Danish director Nicolas Winding Refn has been carving out his own route to the forefront of spectacularly stylised cinema, oozing with what can only be described as Refnisms. His films all inhabit the same universe in a way that all great genre film makers do. So it is with his latest, The Neon Demon, which has all the hallmarks of a hedonistic night in a stae-of-the-art nightclub whilst not giving up on the brutal bloodbaths we’ve come to expect of Refn’s work.
The opening shot is breathtaking – a slow dolly-out on a female model who sits motionless with a sliced throat. That girl is Jesse (an initially unrecognisable Elle Fanning). We learn quite quickly that she is in the middle of her first photo shoot, but this shot lingers long enough to have us right in the palm of the hands of the storytellers. It is simple yet brilliant film making.
The film takes us on a journey with Jesse, an orphan who has moved to Los Angeles soon after her 16th birthday to pursue a modelling career. Bright eyed and innocent in every way, she has no time to learn who she can and can’t trust. As the focal point of a powerful story she is brilliant in the way she carries the film on her shoulders.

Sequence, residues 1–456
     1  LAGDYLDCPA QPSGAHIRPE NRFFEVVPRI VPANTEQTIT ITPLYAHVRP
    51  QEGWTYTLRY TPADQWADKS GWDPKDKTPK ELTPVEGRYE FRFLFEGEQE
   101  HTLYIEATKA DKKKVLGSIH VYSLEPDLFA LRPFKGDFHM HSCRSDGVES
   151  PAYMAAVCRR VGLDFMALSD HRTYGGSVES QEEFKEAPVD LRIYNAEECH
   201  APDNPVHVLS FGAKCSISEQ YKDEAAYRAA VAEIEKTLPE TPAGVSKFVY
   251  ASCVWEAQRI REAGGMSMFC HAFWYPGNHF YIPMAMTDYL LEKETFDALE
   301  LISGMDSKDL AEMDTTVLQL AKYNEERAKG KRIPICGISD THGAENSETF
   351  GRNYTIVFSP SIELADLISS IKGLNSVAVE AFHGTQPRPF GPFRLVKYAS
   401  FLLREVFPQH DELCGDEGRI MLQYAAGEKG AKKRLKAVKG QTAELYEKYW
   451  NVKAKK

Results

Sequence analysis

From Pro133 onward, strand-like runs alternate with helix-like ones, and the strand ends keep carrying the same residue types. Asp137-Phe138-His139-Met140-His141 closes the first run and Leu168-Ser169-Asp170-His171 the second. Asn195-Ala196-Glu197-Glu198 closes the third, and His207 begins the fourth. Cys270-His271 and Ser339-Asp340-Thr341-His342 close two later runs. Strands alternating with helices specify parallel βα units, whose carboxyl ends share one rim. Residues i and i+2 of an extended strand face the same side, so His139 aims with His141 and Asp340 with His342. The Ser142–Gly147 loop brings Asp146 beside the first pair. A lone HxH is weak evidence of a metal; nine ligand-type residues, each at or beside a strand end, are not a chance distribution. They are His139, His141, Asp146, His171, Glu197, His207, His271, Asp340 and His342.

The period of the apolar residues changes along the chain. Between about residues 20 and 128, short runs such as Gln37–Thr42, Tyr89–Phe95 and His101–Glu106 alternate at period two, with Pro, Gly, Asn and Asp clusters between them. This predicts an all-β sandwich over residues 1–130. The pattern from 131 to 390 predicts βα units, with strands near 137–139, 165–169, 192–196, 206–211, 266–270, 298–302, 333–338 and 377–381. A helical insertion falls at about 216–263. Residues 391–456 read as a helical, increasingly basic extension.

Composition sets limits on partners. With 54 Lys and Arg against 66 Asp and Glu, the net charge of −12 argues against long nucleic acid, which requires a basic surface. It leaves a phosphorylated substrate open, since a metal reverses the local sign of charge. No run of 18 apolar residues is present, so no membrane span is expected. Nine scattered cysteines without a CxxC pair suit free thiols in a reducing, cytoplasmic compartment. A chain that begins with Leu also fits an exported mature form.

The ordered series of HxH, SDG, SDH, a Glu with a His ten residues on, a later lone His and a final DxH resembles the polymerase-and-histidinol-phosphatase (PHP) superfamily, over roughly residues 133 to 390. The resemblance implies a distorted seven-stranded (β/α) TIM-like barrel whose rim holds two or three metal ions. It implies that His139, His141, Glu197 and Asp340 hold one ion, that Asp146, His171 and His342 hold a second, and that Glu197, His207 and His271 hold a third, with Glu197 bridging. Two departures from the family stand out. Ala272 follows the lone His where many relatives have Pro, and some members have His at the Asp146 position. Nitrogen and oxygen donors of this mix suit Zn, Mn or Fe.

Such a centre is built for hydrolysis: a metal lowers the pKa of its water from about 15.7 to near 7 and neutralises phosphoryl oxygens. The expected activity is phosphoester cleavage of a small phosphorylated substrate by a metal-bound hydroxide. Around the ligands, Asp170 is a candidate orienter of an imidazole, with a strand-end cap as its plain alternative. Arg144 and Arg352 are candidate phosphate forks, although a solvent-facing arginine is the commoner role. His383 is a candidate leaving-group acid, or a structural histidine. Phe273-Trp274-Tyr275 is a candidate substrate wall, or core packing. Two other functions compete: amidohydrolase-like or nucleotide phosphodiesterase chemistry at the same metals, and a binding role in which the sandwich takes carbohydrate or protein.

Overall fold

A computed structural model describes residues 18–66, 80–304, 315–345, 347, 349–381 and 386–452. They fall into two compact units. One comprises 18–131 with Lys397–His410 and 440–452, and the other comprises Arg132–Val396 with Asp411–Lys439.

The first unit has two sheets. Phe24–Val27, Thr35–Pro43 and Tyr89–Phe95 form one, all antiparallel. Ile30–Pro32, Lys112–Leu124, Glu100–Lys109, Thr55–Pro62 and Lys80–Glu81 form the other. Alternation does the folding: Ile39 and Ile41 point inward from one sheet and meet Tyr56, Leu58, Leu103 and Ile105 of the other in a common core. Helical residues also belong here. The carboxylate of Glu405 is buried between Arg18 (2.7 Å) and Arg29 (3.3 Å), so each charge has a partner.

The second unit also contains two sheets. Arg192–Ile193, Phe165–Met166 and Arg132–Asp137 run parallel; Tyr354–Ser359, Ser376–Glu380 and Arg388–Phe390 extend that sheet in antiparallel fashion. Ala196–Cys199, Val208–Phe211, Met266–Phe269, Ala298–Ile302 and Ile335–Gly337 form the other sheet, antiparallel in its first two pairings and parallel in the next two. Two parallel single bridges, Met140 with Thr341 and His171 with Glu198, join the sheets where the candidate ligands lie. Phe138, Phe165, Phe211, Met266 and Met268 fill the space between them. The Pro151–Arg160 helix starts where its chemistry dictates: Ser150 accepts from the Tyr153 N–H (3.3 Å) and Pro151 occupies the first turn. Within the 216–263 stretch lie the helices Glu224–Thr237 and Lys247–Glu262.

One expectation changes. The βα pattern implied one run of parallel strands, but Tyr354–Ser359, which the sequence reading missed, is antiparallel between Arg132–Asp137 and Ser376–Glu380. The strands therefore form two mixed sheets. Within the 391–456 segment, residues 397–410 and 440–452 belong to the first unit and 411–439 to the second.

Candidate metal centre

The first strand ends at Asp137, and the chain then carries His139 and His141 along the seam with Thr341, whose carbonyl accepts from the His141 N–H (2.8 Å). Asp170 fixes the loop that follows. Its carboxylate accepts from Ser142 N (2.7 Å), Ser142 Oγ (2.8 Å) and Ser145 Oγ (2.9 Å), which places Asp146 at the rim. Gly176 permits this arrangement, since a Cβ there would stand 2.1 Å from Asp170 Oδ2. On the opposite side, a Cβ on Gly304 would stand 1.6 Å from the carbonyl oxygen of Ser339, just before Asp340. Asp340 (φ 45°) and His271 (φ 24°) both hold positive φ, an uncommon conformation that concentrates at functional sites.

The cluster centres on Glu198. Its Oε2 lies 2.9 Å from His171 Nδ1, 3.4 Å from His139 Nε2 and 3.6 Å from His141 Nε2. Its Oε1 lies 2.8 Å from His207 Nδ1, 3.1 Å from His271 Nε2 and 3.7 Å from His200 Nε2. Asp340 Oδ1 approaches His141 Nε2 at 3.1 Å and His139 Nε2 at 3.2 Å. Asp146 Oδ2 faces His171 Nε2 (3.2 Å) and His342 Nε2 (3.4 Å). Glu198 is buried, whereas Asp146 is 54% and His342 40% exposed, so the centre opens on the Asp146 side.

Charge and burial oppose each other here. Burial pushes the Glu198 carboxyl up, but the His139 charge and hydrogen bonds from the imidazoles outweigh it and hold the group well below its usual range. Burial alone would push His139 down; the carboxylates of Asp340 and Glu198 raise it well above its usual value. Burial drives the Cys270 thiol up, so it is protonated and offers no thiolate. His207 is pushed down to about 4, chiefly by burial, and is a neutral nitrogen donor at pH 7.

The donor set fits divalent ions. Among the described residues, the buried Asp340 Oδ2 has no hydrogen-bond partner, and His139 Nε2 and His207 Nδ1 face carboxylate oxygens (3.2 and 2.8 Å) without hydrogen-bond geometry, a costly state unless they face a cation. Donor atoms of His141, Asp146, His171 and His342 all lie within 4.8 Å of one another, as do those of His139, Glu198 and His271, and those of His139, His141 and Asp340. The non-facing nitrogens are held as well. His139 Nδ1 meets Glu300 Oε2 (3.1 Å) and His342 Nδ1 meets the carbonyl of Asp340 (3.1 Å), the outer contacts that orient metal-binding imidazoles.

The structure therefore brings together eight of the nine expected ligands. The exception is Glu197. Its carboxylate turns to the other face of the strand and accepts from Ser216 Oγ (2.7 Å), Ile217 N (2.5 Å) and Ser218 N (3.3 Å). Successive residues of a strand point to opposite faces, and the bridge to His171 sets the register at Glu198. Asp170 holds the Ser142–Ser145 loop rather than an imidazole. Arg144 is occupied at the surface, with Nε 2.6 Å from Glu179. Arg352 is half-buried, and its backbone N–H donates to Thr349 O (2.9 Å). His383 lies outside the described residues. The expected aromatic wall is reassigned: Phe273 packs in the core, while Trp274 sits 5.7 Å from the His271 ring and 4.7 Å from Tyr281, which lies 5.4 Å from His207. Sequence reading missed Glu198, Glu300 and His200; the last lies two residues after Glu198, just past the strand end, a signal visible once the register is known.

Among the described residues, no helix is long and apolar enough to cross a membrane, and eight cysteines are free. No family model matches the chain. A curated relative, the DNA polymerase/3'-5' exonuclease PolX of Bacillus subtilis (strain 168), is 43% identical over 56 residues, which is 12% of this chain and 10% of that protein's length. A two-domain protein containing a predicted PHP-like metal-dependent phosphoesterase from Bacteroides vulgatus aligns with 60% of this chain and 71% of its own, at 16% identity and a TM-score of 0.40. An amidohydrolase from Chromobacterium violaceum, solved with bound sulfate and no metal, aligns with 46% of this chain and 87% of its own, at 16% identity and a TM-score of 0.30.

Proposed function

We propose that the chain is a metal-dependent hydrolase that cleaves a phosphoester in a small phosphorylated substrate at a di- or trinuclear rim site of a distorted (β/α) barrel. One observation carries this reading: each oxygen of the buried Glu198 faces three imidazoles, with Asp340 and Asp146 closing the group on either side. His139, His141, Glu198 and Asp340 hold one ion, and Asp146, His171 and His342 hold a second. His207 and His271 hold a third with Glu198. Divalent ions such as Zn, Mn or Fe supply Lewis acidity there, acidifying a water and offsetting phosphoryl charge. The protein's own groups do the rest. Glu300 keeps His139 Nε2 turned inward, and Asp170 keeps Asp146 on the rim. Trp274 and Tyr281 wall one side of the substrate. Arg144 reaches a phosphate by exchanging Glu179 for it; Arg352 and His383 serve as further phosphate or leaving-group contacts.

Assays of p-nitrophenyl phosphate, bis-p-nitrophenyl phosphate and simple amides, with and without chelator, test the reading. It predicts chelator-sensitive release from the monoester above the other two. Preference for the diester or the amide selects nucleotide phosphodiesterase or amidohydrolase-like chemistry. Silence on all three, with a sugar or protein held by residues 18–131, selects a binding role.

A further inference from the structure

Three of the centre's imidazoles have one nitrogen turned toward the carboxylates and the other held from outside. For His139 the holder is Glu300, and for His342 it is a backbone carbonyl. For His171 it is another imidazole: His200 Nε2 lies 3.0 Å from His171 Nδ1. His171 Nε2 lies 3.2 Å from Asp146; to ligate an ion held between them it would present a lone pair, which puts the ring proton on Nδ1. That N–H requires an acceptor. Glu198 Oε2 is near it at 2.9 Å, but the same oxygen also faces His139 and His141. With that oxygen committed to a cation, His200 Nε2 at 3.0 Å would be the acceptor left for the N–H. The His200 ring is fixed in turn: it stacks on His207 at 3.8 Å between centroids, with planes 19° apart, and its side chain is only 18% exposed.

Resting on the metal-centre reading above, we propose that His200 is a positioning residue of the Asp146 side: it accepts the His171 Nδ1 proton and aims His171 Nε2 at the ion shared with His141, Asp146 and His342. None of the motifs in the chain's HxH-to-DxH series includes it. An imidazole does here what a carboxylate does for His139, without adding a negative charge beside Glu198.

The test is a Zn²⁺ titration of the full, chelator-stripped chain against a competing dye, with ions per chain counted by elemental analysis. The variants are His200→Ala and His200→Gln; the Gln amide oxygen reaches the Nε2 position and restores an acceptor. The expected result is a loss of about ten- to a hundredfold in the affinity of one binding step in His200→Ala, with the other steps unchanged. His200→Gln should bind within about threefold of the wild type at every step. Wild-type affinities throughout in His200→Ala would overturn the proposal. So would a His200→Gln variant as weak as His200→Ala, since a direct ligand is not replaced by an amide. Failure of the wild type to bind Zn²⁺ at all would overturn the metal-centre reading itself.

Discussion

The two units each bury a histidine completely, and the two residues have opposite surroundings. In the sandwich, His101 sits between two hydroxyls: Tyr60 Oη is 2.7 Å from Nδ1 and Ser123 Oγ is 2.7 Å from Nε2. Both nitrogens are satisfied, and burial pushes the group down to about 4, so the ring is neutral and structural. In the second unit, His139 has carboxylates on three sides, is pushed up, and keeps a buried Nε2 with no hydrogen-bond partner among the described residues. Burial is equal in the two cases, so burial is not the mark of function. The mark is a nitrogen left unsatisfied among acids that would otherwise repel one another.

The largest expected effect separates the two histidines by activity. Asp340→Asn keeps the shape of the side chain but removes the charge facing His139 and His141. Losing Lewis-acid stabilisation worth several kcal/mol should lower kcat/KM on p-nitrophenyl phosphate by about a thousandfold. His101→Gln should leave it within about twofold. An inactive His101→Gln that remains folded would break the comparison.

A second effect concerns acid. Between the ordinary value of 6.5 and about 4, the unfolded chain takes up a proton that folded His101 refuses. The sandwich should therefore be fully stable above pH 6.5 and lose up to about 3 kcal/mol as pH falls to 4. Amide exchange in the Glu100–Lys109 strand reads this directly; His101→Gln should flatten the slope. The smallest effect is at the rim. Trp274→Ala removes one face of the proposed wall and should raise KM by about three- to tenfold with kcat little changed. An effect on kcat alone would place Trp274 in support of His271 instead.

The supporting cast are excellent. Abbey Lee and Gigi Bella Heathcote put in a great turn as the jealous models Sarah and Gigi. Keanu Reeves’s Hank is reminiscent of his abusive husband Donnie in The Gift, full of brutality and intimidation. It is Jena Malone’s portrayal of doting makeup artist Ruby that really comes close to stealing the show, her face betraying everything she says throughout to brilliant effect.
The Cliff Martinez soundtrack feeds into the visuals perfectly. A frequent NWR collaborator, Martinez’s sparse electronic score blends the contemporary setting with the horrific events that are unfolding on screen. This is a work of art for which he won best soundtrack at the Cannes Film Festival. It’s easy to see why.
This is a sensational film with a powerful leading performance from a girl just seventeen at the time of filming. Pairing this with such bold film making and the result was never going to be anything but an overwhelming success.